Brown v. State

Annotate this Case

428 So. 2d 250 (1983)

James Frederick BROWN, Petitioner, v. STATE of Florida, Respondent.

No. 62081.

Supreme Court of Florida.

March 3, 1983.

*251 Jane Kreusler-Walsh, and Larry Klein, West Palm Beach, for petitioner.

Jim Smith, Atty. Gen. and Robert L. Bogen, Asst. Atty. Gen., West Palm Beach, for respondent.

McDONALD, Justice.

In Brown v. State, 412 So. 2d 420 (Fla. 4th DCA 1982), the district court certified the following questions to this Court:

1. DOES OWNERSHIP AND JOINT OCCUPANCY OF A PREMISES WHERE ILLEGAL DRUGS ARE DISCOVERED IN PLAIN VIEW, IN THE PRESENCE OF THE OWNER, CONSTITUTE SUFFICIENT EVIDENCE TO SUPPORT A CONVICTION FOR CONSTRUCTIVE POSSESSION AS TO THE OWNER OR AS TO A LESSEE UNDER THE SAME CIRCUMSTANCES? 2. WHERE TWO OR MORE PERSONS JOINTLY OCCUPY PREMISES AND ILLEGAL DRUGS ARE DISCOVERED IN PLAIN VIEW, IN THEIR PRESENCE, IS SUCH PROOF, WITHOUT MORE, SUFFICIENT TO SUPPORT A CONVICTION FOR CONSTRUCTIVE POSSESSION AS TO EACH PERSON?

Id. at 422. We have jurisdiction pursuant to article V, section 3(b)(4), Florida Constitution. We answer the questions in the affirmative and approve the opinion of the district court.

Law enforcement officers searched Brown's house, in his presence, pursuant to a search warrant and found several pounds of marijuana and lesser quantities of hashish and PCP. The district court has detailed the locations of the contraband in the living room, the kitchen, the family room, the garage, and one bedroom[1] which was literally scattered throughout the house and much of which was in plain view. A jury convicted Brown of constructive possession of marijuana. On appeal he questioned whether the facts presented created a prima facie case of constructive possession. The district court found the facts presented at trial sufficient to create a jury question as to Brown's constructive possession of the marijuana, but certified the *252 instant questions because of confusion in the applicable case law.[2]

"Constructive possession exists where the accused without physical possession of the controlled substance knows of its presence on or about his premises and has the ability to maintain control over said controlled substance." Hively v. State, 336 So. 2d 127, 129 (Fla. 4th DCA 1976). To establish constructive possession, the state must show that the accused had dominion and control over the contraband, knew the contraband was within his presence, and knew of the illicit nature of the contraband. Wale v. State, 397 So. 2d 738 (Fla. 4th DCA 1981). If the premises where contraband is found is in joint, rather than exclusive, possession of a defendant, however, knowledge of the contraband's presence and the ability to control it will not be inferred from the ownership but must be established by independent proof. Wale; Frank v. State, 199 So. 2d 117 (Fla. 1st DCA 1967).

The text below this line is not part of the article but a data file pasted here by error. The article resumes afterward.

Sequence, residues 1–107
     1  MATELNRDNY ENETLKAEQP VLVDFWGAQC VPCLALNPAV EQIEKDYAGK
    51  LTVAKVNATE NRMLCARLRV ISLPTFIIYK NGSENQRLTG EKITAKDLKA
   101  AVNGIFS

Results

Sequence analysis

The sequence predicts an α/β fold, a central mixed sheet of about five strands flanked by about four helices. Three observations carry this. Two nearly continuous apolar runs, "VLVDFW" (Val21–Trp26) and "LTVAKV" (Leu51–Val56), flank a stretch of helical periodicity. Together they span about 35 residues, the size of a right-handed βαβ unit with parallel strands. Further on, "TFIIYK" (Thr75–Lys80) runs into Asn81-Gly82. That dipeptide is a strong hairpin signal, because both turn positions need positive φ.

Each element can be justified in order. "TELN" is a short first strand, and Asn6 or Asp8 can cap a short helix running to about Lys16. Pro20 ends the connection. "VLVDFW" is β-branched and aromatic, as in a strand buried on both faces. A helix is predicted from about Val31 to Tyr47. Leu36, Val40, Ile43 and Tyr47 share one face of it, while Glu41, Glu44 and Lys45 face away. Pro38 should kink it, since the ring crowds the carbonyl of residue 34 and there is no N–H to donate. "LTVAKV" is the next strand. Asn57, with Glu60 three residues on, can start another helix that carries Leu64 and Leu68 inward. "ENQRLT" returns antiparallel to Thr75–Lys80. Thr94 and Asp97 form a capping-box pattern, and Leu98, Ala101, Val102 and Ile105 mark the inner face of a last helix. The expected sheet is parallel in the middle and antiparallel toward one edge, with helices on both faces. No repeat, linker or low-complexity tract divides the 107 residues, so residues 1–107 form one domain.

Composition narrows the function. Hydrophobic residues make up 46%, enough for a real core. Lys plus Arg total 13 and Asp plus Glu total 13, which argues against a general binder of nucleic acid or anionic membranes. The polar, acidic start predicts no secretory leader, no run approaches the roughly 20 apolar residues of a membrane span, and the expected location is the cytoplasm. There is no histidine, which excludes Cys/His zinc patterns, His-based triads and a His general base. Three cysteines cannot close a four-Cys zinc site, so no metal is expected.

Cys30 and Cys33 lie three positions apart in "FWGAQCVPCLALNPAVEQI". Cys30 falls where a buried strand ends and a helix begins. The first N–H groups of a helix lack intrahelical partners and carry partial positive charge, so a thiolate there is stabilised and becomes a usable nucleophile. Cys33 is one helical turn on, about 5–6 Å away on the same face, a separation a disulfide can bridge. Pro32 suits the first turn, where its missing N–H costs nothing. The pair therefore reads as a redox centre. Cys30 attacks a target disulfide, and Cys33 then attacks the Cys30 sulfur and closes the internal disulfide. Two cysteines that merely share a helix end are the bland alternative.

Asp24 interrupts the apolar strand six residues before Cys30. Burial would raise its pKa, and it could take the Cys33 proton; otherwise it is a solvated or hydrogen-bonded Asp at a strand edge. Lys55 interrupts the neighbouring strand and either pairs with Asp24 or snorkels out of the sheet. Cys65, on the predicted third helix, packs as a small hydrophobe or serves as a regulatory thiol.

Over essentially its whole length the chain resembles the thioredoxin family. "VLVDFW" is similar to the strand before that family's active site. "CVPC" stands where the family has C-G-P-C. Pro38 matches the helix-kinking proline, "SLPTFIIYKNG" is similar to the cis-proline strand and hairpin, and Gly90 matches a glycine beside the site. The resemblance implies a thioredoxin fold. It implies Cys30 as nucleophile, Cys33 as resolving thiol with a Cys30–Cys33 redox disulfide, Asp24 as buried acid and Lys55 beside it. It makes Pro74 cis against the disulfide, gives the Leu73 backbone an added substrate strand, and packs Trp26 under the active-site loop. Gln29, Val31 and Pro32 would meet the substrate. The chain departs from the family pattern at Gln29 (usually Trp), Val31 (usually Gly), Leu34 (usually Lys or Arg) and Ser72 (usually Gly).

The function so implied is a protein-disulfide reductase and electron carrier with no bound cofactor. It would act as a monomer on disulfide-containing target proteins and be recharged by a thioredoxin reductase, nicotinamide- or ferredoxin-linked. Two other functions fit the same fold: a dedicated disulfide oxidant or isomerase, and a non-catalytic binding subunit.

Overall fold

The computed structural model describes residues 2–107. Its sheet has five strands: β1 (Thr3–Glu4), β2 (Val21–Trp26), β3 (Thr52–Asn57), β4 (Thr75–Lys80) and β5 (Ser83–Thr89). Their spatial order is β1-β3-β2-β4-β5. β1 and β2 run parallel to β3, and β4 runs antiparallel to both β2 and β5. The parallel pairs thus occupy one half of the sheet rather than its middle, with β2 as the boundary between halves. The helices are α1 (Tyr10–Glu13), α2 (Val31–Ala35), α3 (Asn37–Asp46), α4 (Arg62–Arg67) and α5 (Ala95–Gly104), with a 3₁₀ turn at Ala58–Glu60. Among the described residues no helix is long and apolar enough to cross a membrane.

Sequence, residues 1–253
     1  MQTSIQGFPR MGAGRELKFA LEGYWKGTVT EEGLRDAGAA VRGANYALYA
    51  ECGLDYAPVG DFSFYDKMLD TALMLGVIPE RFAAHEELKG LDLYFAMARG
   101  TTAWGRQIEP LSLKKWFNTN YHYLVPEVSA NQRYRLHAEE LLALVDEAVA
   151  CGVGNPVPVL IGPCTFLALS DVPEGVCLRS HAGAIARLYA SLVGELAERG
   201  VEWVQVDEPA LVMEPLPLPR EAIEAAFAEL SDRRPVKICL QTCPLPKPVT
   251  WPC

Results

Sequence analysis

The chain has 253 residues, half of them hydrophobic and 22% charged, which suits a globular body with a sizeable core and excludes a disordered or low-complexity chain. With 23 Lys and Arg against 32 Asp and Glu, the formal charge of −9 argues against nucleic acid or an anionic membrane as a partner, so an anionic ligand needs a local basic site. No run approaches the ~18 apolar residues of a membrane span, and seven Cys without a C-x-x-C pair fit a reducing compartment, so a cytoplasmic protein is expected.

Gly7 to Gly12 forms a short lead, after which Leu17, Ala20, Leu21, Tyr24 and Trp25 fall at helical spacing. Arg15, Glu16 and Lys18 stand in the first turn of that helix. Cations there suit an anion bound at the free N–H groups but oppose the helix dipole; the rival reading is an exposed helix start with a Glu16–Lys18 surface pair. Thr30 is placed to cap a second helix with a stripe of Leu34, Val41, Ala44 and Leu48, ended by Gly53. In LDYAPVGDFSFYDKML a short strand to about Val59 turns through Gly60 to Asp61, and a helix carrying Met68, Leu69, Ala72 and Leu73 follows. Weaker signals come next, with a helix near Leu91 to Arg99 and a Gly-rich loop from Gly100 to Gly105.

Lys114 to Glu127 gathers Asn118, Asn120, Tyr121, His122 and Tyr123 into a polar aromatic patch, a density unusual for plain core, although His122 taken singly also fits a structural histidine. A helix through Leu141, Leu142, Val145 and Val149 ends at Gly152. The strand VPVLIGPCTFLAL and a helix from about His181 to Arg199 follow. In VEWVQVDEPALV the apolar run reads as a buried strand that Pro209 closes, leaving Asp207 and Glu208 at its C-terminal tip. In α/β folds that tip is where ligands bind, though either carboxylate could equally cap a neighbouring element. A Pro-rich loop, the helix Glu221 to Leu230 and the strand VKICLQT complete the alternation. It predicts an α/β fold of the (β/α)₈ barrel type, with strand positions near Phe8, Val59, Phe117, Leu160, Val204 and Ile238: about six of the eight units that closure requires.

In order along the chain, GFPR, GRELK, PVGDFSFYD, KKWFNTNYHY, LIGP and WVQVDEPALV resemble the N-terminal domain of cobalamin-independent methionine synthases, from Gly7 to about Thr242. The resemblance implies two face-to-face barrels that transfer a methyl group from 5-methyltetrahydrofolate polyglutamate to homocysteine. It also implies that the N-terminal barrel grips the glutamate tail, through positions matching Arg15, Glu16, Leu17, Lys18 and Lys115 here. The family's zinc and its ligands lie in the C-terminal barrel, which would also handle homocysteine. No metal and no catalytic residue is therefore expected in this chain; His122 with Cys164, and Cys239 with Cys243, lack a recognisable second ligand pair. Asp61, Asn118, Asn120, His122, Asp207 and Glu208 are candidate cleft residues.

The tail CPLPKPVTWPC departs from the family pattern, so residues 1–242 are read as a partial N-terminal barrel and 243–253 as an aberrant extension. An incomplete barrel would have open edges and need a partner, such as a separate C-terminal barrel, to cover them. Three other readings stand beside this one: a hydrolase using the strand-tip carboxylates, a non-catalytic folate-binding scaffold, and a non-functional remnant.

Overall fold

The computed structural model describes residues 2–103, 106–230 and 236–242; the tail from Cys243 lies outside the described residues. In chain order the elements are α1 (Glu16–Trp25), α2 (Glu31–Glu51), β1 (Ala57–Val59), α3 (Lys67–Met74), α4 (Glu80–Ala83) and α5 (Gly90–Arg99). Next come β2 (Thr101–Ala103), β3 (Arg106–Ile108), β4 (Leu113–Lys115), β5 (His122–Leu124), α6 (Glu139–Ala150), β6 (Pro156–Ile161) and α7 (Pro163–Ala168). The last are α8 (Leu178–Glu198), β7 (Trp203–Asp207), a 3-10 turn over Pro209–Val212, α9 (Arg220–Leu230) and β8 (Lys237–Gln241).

Brown claims that he could be convicted of constructive possession on the instant facts only if the jury impermissibly piled inference upon inference. We do not find, however, that the jury would have to have drawn an impermissible inference. In the instant case the knowledge element is met because the contraband was in plain view in common areas throughout the house. The dominion and control element is met because Brown, as resident owner of his home, had control over the common areas. Therefore, the elements of knowledge and control have been satisfied,[3] and, as the district court found, the facts presented at trial were sufficient to create a jury question as to constructive possession. Given the evidence presented, the jury could easily have rejected every reasonable hypothesis of innocence. We answer the first question in the affirmative.

The second question, except for the element of ownership, is virtually identical to the first question, i.e., discovery of illegal drugs in plain view in the presence of the residents. We likewise answer the second question in the affirmative. This answer is consistent with prior cases such as Smith v. State, 279 So. 2d 27 (Fla. 1973) (contraband in jointly occupied dresser drawer, not in plain view, knowledge not shown), and Taylor v. State, 319 So. 2d 114 (Fla. 2d DCA 1975) (contraband found in plain view, but defendant, a guest, had no control over the premises).

We hold, therefore, that joint occupancy, with or without ownership of the premises, where contraband is discovered in plain view in the presence of the owner or occupant is sufficient to support a conviction for constructive possession. The decision of the district court is approved.

It is so ordered.

ALDERMAN, C.J., and ADKINS, BOYD, OVERTON, EHRLICH and SHAW, JJ., concur.

NOTES

[1] 412 So. 2d at 422.

[2] Judge Rivkind in dissent has noted numerous constructive possession cases. 412 So. 2d at 424-25 n. 1 & n. 2.

[3] There is no indication that Brown has ever argued that he did not know of the illicit nature of the seized drugs.